Kathleen Kelly, the Executive Director of Family Caregiver Alliance sent this letter to the ten Representatives that comprise the Bay Area delegation in the US House of Representatives.
On behalf of the National Center on Caregiving at Family Caregiver Alliance, I am writing to express our strong concern about a vote scheduled this week in the U.S. House of Representatives for HR 1171 that would repeal the CLASS (Community Living Assistance and Supports) Act.
Staff at our organization work with family caregivers every day through our national information and referral hotline and through our local Caregiver Resource Center. One of the most-often asked questions by caregivers is whether or not there are any programs to assist with the financial strain of being a caregiver.
Caring for a parent with Alzheimer’s, especially in its advanced stages, and keeping a job is nearly impossible. The same can be said for caregivers of a loved one with multiple conditions, or who are undergoing chemotherapy, or who simply need assistance with daily activities like eating, dressing and showering. In addition to a reduced income, most caregivers take on additional expenses.
Family caregivers are shocked when about the cost of nursing home care, with an average cost of a semi-private room of over $78,000 in 2011 (Met Life 2011 Survey). Medicaid, the de-facto largest payer of long-term care (outside of the $450 billion in “free” care provided by family caregivers) has been described as a “”highly imperfect form of insurance as it essentially comes with a deductible of nearly all of your income and assets.” (Insuring Long Term Care in the US).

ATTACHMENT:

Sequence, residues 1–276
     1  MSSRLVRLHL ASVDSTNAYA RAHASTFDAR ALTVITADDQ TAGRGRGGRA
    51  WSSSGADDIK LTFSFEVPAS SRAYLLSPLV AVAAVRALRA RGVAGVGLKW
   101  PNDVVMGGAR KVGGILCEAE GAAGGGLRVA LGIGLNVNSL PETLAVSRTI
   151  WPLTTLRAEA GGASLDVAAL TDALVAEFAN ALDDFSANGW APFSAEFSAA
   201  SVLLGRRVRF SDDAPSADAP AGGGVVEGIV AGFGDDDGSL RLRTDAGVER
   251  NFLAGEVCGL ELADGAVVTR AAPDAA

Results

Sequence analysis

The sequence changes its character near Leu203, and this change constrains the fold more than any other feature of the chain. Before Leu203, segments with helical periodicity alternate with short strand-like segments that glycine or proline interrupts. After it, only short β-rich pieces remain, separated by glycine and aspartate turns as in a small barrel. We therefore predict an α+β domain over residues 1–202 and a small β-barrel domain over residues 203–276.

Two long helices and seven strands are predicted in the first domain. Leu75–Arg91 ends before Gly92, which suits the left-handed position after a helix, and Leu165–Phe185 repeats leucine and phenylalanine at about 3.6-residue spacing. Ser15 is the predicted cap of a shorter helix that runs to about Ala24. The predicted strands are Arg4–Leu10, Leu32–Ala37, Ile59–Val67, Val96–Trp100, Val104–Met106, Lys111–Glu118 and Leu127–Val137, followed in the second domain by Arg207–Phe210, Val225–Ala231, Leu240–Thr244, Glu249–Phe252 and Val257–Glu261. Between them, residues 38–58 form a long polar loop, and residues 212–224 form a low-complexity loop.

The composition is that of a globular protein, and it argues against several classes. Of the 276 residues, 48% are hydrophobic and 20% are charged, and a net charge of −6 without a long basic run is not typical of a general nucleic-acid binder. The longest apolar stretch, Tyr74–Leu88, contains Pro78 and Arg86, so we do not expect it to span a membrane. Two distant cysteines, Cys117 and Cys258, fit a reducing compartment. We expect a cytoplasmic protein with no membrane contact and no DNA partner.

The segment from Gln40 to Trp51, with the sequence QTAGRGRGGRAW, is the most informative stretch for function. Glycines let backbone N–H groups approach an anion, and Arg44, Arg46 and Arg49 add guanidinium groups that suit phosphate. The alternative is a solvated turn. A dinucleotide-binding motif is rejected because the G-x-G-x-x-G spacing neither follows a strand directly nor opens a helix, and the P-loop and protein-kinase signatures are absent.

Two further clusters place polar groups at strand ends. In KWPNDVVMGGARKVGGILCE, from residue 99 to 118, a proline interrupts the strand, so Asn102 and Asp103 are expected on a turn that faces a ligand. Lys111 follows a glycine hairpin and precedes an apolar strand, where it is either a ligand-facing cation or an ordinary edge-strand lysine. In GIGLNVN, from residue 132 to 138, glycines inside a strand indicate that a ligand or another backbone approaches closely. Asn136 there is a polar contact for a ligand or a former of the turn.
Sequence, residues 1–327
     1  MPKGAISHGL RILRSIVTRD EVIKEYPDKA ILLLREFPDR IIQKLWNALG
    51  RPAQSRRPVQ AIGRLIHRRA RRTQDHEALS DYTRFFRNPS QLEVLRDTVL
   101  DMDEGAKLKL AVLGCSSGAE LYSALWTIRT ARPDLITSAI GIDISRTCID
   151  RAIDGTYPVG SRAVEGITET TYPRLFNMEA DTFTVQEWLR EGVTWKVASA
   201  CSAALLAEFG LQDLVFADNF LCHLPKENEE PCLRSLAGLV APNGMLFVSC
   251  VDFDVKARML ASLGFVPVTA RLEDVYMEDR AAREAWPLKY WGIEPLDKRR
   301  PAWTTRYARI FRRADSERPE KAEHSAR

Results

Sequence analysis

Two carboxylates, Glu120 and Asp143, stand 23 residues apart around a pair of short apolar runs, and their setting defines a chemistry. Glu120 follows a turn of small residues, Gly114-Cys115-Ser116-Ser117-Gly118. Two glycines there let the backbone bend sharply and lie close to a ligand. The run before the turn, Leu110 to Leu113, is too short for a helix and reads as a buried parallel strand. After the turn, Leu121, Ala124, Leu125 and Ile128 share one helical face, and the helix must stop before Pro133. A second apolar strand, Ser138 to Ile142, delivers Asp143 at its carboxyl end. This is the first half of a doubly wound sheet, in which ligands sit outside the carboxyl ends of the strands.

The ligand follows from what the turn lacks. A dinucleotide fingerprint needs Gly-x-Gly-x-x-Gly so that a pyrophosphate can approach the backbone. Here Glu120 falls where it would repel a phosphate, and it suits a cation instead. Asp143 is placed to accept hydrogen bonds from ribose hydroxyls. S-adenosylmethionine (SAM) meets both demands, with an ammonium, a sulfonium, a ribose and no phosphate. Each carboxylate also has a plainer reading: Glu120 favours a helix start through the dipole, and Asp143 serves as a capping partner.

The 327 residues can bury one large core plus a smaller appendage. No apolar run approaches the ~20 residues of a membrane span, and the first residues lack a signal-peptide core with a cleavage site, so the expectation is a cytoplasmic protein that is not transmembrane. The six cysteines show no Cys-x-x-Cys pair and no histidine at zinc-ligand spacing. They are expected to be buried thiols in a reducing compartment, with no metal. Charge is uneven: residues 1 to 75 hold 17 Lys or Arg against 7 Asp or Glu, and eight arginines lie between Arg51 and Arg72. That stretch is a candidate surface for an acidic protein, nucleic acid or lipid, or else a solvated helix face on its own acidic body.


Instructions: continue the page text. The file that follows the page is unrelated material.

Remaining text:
Professor Richard Kaplan explained that while family caregivers provide care “without charge,” this is not the same as “without cost.” Long-term care is something that 2/3 of Americans will eventually need, but our system for paying for long-term care is broken. With 10,000 baby boomers turning 65 every day for the next 19 years, this need will only increase.
We ask you to vote against the repeal of the CLASS Act and we strongly encourage Congress to re-commit itself to finding solutions to our current system.
Kathleen A. Kelly
Editor’s note: For more resources/information on the need to address the current system of long-term care financing, visit these resources:
3) FCA’s CLASS Round-Up: Listing of 22 Reports/Media Accounts on the CLASS Program